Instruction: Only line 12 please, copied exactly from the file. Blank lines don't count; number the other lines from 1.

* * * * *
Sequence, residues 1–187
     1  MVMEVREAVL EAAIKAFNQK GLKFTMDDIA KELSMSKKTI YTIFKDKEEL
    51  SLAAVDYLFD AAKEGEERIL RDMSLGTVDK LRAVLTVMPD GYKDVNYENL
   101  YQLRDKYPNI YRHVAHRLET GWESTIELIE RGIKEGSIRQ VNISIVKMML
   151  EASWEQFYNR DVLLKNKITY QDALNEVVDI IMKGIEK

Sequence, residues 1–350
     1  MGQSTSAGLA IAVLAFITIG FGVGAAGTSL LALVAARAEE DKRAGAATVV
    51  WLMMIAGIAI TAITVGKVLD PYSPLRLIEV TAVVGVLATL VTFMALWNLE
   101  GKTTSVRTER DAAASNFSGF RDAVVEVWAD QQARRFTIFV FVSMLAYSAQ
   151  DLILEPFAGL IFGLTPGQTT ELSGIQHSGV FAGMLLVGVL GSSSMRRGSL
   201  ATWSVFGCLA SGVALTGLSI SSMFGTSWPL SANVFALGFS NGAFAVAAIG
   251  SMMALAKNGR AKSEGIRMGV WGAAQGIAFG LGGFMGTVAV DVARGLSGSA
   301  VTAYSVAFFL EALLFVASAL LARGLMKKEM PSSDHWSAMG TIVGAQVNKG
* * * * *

   251  SMMALAKNGR AKSEGIRMGV WGAAQGIAFG LGGFMGTVAV DVARGLSGSA